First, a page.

Virtual School Meanderings

April 17, 2018

Congratulations Michael, You Reached A Milestone

Note this update from one of my open scholarship networks.

ResearchGate
Your publication has a new achievement:
Strictly business: Teacher perceptions of interaction in virtual schooling
View achievement

The actual achievement was:

Great work, Michael!
Your article reached 50 reads

April 16, 2018

Mary F. Rice Uploaded A Full-Text Citing You

I like this feature of ResearchGate, as it tells me when another publication related to K-12 distance, online, and/or blended learning is added to this open access repository.

ResearchGate
Mary F. Rice
      View research      

April 13, 2018

Redesigning Learning Design – Academia.edu

Note some of these K-12 distance, online, and/or blended learning updates below.

Academia.edu
TOP PAPERS FROM YOUR NEWSFEED
Clark N Quinn Clark N Quinn

Redesigning Learning Design

When it comes to the large body of existing learning technology solutions, one common phrase captures the outcome: “#fail”. There are failures in objective, failures in execution, and in evaluation. We fail for lots of reasons, but the outcome is unacceptable, regardless. We need to identify what and how to do better. The source of the problems is in our architecture, cognitive and social, that introduces systematic errors into our design processes, in general. This holds no less true for learning design specifically, though we also encounter unique problems. The question is, what can we do…

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Mary F Rice Mary F Rice
University of New MexicoCollege of Education – Language, Literacy & Sociocultural Studies, Faculty Member

Virtual School Course Design: Accommodating Students with Disabilities

Experts in course design, by contrast, have reported that they feel their work is to design a template of curriculum materials for a general population of students, but that teachers, parents, and on-site mentors must be the ones to individualize for students with special needs, even when other personalization features are embedded in the course (Rice, Mellard, Pace, & Carter, 2016). Thus, while online learning, with its promise of flexibility, holds potential to mitigate multiple dilemmas in providing high quality education to large numbers of students, new challenges are also…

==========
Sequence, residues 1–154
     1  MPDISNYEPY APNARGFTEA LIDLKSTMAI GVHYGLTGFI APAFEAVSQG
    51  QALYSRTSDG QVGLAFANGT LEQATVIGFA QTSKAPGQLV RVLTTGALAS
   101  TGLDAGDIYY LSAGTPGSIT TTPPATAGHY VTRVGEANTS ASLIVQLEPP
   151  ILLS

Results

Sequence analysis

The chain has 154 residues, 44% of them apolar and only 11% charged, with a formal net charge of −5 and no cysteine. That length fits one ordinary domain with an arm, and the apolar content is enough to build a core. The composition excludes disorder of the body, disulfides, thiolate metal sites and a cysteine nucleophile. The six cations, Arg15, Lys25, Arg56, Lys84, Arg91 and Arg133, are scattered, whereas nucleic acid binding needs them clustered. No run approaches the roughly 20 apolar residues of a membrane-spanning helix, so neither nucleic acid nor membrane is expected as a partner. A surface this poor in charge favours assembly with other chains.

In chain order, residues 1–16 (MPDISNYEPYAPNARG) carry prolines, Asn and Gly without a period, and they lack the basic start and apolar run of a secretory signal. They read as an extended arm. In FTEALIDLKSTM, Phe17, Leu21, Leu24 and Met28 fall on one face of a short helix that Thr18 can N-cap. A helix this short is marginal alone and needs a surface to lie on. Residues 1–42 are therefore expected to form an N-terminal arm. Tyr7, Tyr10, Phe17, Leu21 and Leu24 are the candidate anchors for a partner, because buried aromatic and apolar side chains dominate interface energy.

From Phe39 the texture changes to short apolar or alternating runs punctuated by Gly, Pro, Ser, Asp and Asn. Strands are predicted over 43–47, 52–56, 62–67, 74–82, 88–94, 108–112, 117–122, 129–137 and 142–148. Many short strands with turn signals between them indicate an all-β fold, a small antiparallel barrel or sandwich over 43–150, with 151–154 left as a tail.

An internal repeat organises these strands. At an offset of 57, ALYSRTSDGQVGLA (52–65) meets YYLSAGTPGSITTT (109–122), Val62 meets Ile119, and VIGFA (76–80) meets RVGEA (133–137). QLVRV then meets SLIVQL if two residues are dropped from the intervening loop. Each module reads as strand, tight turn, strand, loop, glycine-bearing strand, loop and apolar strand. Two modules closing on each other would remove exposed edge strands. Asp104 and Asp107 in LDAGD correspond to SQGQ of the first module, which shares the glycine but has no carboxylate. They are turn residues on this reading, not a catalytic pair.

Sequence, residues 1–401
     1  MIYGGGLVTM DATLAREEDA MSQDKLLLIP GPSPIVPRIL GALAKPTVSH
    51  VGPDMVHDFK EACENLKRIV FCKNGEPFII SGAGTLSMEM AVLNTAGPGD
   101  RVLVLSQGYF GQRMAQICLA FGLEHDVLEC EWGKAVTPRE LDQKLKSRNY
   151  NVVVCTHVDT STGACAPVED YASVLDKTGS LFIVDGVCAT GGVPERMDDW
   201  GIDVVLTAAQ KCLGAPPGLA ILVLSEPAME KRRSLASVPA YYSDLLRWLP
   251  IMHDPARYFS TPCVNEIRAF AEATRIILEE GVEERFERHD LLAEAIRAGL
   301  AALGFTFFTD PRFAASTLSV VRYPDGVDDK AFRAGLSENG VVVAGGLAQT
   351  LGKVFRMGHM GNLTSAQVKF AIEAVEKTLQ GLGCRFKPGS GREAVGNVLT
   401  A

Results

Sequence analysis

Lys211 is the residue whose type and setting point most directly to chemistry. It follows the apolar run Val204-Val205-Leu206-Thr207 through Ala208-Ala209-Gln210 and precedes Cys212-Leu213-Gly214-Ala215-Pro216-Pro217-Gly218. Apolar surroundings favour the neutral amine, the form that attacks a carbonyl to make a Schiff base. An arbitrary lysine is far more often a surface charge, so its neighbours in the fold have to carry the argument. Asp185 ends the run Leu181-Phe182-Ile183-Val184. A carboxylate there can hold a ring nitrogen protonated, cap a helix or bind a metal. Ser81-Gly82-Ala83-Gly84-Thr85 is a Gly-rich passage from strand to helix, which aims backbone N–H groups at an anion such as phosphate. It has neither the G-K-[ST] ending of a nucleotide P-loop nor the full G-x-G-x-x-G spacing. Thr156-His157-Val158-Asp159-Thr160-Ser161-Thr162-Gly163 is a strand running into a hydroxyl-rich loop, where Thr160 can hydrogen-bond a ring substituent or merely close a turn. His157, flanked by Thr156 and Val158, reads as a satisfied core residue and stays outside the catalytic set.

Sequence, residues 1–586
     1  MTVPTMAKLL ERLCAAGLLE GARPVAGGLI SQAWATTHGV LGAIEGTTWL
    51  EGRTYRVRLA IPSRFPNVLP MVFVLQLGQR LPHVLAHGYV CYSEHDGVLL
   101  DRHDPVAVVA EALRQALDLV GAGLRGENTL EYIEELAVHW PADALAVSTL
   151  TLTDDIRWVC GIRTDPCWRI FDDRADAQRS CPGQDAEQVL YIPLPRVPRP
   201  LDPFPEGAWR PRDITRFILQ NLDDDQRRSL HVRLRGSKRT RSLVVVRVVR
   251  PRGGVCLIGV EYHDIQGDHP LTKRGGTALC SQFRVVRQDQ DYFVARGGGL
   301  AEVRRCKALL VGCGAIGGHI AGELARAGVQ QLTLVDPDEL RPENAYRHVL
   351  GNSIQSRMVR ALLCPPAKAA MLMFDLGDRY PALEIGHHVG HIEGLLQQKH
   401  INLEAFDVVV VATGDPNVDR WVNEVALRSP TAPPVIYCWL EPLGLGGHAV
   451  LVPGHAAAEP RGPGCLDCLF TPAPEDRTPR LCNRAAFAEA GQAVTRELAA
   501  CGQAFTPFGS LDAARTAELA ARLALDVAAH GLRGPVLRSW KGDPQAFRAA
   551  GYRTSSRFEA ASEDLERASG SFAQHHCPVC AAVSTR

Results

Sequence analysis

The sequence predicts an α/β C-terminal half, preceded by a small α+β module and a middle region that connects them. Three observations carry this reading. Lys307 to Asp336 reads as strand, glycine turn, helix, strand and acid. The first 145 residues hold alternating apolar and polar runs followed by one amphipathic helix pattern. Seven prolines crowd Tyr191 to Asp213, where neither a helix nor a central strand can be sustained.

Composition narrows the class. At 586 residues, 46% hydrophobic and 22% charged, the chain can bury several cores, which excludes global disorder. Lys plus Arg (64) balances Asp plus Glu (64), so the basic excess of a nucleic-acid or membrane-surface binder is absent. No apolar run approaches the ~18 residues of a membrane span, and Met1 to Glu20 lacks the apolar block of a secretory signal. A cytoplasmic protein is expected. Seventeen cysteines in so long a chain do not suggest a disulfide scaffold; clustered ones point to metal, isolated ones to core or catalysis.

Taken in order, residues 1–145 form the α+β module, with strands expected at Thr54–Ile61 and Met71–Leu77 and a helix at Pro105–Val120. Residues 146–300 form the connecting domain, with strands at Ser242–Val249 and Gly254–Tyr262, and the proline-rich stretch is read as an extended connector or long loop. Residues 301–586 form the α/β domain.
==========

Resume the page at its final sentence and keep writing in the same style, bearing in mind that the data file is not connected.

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Lisa R Halverson Lisa R Halverson
Brigham Young UniversityInstructional Psychology & Technology, Graduate Student

L Halverson CV (Mar 2018).pdf

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Susan Ramlo Susan Ramlo
Bookmarked by Lloyd Rieber

Student Views about a Flipped Physics Course: A Tool for Program Evaluation and Improvement

Flipped classrooms are a relatively new teaching strategy where the typical lecture and homework elements of a course are reversed. Although flipped classrooms are gaining popularity, evaluations of this type of pedagogical model are limited. The purpose of this study was to investigate student views related to the effectiveness of a flipped physics classroom in a way that could inform the instructor for improving upon the course’s effectiveness for all students. This study involved the use of Q methodology, a measure of subjectivity, to examine students’ views of their flipped physics…